9. University Support for Students and Students' Learning

Please refer to the University Academic Policy and Standards guidelines regarding support for students and students' learning.

10. Admissions Criteria

Undergraduate applicants must satisfy the Undergraduate Admissions Policy of the University of Exeter.

Postgraduate applicants must satisfy the Postgraduate Admissions Policy of the University of Exeter.

Specific requirements required to enrol on this programme are available at the respective Undergraduate or Postgraduate Study Site webpages.

11. Regulation of Assessment and Academic Standards

Each academic programme in the University is subject to an agreed College assessment and marking strategy, underpinned by institution-wide assessment procedures.

The security of assessment and academic standards is further supported through the appointment of External Examiners for each programme. External Examiners have access to draft papers, course work and examination scripts. They are required to attend the Board of Examiners and to provide an annual report. Annual External Examiner reports are monitored at both College and University level. Their responsibilities are described in the University's code of practice. See the University's TQA Manual for details.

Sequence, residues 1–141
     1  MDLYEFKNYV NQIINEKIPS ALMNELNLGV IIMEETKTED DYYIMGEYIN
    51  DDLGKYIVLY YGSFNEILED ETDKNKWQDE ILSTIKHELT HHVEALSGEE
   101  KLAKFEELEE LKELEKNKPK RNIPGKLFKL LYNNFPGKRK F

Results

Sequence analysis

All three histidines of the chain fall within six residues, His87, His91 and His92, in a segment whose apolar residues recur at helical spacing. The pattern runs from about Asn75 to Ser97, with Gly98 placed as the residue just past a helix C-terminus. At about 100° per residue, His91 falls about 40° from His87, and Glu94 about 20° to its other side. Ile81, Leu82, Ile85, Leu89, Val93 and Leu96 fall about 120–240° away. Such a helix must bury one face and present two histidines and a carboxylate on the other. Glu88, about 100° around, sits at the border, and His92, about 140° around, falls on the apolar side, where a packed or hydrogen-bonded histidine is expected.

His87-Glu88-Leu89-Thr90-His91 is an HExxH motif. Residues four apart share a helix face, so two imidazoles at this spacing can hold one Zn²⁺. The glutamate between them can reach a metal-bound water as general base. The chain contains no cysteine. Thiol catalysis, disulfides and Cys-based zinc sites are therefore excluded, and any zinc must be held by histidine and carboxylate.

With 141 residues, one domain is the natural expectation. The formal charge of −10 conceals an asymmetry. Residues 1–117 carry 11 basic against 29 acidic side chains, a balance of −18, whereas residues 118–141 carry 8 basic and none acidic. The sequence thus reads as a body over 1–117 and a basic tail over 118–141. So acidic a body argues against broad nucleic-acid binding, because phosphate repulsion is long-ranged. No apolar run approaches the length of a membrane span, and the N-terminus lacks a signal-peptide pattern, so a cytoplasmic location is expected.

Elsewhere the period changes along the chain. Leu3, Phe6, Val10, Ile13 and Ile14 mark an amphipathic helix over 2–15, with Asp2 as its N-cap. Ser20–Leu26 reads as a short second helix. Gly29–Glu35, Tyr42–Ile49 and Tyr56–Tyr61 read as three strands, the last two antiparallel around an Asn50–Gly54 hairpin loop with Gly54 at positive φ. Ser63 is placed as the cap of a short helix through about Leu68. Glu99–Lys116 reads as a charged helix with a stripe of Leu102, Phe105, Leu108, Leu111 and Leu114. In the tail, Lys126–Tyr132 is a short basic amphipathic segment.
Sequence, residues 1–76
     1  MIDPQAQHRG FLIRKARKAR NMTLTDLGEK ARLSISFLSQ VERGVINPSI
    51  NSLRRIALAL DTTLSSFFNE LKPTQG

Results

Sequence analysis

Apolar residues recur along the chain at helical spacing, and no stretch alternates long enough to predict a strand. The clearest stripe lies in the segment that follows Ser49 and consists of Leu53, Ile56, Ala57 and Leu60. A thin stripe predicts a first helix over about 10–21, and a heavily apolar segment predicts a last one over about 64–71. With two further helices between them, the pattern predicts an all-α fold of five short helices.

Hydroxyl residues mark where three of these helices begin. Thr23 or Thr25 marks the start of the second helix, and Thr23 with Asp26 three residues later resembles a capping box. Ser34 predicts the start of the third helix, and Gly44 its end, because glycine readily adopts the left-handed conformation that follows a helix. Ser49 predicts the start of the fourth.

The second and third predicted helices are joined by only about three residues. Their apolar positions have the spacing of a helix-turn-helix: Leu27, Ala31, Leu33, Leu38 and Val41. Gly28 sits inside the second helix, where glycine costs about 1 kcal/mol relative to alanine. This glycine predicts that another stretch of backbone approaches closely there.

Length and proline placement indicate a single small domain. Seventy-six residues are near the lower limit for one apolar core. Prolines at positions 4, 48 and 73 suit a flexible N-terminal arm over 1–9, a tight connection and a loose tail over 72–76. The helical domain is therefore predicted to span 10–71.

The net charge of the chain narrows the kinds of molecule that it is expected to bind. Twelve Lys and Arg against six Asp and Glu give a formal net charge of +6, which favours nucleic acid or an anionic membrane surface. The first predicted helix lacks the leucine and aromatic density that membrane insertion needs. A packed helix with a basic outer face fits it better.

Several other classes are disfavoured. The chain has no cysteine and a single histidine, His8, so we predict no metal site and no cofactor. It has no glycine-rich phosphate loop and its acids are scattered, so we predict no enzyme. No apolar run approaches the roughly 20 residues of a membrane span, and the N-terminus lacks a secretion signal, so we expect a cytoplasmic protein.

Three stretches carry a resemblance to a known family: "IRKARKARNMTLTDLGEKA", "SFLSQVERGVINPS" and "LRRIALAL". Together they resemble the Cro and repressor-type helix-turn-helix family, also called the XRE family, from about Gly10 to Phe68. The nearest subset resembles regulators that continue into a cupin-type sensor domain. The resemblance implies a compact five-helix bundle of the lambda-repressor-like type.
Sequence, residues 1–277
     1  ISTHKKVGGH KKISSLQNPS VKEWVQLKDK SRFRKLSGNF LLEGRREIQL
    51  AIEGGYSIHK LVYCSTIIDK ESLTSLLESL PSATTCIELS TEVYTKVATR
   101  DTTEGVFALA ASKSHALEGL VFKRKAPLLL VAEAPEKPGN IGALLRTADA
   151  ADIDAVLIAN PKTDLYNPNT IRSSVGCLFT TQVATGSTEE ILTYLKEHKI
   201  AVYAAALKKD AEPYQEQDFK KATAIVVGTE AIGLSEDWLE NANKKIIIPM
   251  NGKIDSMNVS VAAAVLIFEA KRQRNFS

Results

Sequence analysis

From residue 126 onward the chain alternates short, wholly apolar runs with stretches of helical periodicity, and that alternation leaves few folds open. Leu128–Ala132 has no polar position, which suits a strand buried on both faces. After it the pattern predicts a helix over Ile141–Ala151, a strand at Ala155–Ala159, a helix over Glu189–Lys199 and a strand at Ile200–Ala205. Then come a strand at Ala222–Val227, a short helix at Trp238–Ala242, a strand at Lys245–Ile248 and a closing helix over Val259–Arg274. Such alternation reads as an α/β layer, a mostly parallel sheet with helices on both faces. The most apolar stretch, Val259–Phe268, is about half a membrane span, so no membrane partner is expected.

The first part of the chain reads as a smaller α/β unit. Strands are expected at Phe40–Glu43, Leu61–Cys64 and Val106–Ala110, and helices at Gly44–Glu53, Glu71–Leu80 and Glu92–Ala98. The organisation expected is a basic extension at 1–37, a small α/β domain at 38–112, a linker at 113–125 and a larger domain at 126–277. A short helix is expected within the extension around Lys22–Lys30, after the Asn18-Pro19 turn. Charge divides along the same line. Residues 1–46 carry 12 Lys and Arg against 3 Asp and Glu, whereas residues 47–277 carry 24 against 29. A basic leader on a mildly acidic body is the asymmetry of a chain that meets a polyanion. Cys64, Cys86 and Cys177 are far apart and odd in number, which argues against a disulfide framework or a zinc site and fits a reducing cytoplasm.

(Quality Review Framework.

14. Awarding Institution

University of Exeter

15. Lead College / Teaching Institution

Faculty of Humanities, Arts and Social Sciences (HASS)

16. Partner College / Institution

Partner College(s)

Not applicable to this programme

Partner Institution

Not applicable to this programme.

17. Programme Accredited / Validated by

0

18. Final Award

BA (Hons) International Relations and Modern Languages

19. UCAS Code

LR01

20. NQF Level of Final Award

6 (Honours)

21. Credit

CATS credits

480

ECTS credits

240

22. QAA Subject Benchmarking Group

[Honours] Politics and international relations
[Honours] Languages and related studies

23. Dates

Origin Date

15/02/2016

Date of last revision

23/07/2021